When I heard that there were homeless people living in a network of underground tunnels beneath the streets of Kansas City, I was absolutely stunned. I have relatives that live in that area. I never thought of Kansas City as one of the more troubled cities in the United States.
But according to the Daily Mail, police recently discovered a network of tunnels under the city that people had been living in…
Below the streets of Kansas City, there are deep underground tunnels where a group of vagrant homeless people lived in camps.
These so-called homeless camps have now been uncovered by the Kansas City Police, who then evicted the residents because of the unsafe environment.
Authorities said these people were living in squalor, with piles of garbage and dirty diapers left around wooded areas.
The saddest part is the fact that authorities found dirty diapers in the areas near these tunnels. That must mean that babies were being raised in that kind of an environment.
Unfortunately, this kind of thing is happening all over the nation. In recent years, the tunnel people of Las Vegas have received quite a bit of publicity all over the world. It has been estimated that more than 1,000 people live in the massive network of flood tunnels under the city…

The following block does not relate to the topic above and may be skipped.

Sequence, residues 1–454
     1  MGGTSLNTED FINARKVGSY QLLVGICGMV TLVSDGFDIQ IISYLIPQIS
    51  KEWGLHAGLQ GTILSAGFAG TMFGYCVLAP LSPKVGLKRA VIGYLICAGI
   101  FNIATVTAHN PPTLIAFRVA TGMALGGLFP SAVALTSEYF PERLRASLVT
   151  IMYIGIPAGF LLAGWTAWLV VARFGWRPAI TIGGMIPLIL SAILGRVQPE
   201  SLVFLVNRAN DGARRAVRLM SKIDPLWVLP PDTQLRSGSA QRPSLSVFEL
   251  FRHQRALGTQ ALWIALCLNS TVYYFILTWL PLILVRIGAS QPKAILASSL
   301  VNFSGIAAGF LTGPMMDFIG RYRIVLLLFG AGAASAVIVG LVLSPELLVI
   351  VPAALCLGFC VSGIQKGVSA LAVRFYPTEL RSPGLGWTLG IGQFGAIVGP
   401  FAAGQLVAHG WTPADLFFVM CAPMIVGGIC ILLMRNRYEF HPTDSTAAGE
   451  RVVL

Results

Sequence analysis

Deep beneath Vegas’s glittering lights lies a sinister labyrinth inhabited by poisonous spiders and a man nicknamed The Troll who wields an iron bar.
But astonishingly, the 200 miles of flood tunnels are also home to 1,000 people who eke out a living in the strip’s dark underbelly.
Some, like Steven and his girlfriend Kathryn, have furnished their home with considerable care – their 400sq ft ‘bungalow’ boasts a double bed, a wardrobe and even a bookshelf.
Could you imagine living like that? Sadly, for an increasing number of Americans a “normal lifestyle” is no longer an option. Either they have to go to the homeless shelters or they have to try to eke out an existence on their own any way that they can.
In New York City, authorities are constantly trying to root out the people that live in the tunnels under the city and yet they never seem to be able to find them all. The following is from a New York Post article about the “Mole People” that live underneath New York City…
The homeless people who live down here are called Mole People. They do not, as many believe, exist in a separate, organized underground society. It’s more of a solitary existence and loose-knit community of secretive, hard-luck individuals.
The New York Post followed one homeless man known as “John Travolta” on a tour through the underground world. What they discovered was a world that is very much different from what most New Yorkers experience…
In the tunnels, their world is one of malt liquor, tight spaces, schizophrenic neighbors, hunger and spells of heat and cold. Travolta and the others eat fairly well, living on a regimented schedule of restaurant leftovers, dumped each night at different times around the neighborhood above his foreboding home.
Even as the Dow hits record high after record high, poverty in New York City continues to rise at a very frightening pace. Incredibly, the number of homeless people sleeping in the homeless shelters of New York City has increased by a whopping 19 percent over the past year.